LIBOR Transition Background

Interbank Offered Rate (“IBOR”) refers to the different interest rate benchmarks derived from the rate at which major global banks lend to one another in the international interbank market for short-term loans in corresponding markets and currencies. Common examples of IBOR include the London Interbank Offered Rate (“LIBOR”), Euro Interbank Offered Rate (“EURIBOR”), and Hong Kong Interbank Offered Rate (“HIBOR”). Amongst the current IBORs available, LIBOR is one of the most widely used reference rate.

Despite the wide application of LIBOR in financial contracts, the current mechanism of determining LIBOR has long been criticised as inadequate and inherently subject to subjectivity due to its heavy reliance on “expert judgement” during the submission of the quotes by the panel banks.

In July 2017, the UK Financial Conduct Authority (“FCA”) and the Bank of England raised their concern regarding the sustainability of LIBOR and announced that FCA will no longer compel panel banks to provide submission for LIBOR.


Key Industry Guidelines and Timeframe

Regulatory authorities, industry bodies and trade associations across the globe have identified alternative reference rates (“ARRs”) as replacement and working towards on the transition from LIBOR to ARRs when LIBOR ceases to exist after the end of 2021.  ARRs working groups and regulatory authorities in different jurisdictions have set out their respective paced transition plans. Key milestones are summarised in the table below (Table 1).


Table 1 - Paced transition plan in different jurisdictions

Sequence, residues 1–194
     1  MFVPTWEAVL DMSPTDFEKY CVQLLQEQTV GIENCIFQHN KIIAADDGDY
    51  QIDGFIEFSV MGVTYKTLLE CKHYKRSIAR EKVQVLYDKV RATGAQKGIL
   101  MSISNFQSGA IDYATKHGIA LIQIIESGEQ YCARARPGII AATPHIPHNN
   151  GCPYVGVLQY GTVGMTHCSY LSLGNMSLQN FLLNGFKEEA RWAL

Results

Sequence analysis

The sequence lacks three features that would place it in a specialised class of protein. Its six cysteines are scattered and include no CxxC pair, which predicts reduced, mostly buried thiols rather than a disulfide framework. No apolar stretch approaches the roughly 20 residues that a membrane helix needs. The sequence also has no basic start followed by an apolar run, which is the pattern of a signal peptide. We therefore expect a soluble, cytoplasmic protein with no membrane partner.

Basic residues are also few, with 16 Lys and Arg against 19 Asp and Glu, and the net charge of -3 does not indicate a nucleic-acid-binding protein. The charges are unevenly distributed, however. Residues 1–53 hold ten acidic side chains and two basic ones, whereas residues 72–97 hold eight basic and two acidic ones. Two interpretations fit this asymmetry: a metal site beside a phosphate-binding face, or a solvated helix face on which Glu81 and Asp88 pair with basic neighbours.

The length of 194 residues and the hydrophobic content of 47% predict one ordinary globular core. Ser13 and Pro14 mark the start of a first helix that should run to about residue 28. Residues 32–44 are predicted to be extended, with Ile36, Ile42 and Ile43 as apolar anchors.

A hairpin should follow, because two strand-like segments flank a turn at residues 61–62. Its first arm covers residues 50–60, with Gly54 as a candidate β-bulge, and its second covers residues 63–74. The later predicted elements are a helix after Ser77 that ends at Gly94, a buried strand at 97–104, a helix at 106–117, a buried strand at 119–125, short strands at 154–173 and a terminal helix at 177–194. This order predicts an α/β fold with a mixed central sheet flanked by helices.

CountryKey milestones and anticipated completion date
GlobalEnd of 2021 – Complete transition from LIBOR to ARRs across the globe
Hong Kong30 June 2021 – HKMA expects AIs to stop issuing new LIBOR-linked products
USBy June 2021 – Alternative Reference Rates Committee expects (i) to create a term reference rate based on SOFR derivatives markets once liquidity has developed sufficiently to produce a robust rate; (ii) market participants to cease issuance of new LIBOR-referencing loans, floating rate securitisation or derivatives trades that increase LIBOR risk
UKBy 31 March 2021 – Working Group on Sterling Risk-Free Reference Rates expects the UK market to cease new issuance of Sterling LIBOR-referencing loan products that expire after the end of 2021
Japan30 June 2021 – Cross-Industry Committee on Japanese Yen Interest Rate Benchmarks expects banks in Japan to cease issuance of new LIBOR-referencing loans

Chong Hing Bank’s Transition Plan and Preparation

The Bank will continue to closely monitor any further developments on the LIBOR transition and implement appropriate action plans and maintain close contact with our clients as the LIBOR transition progresses. We would also encourage our clients to keep updated with the latest developments and seek professional advice when necessary.

Frequently Asked Questions (“FAQ”) of IBOR reform is attached below with corresponding responses for easier reference.


In case of any inconsistencies between the English and Chinese versions of this Notice, the English version shall prevail.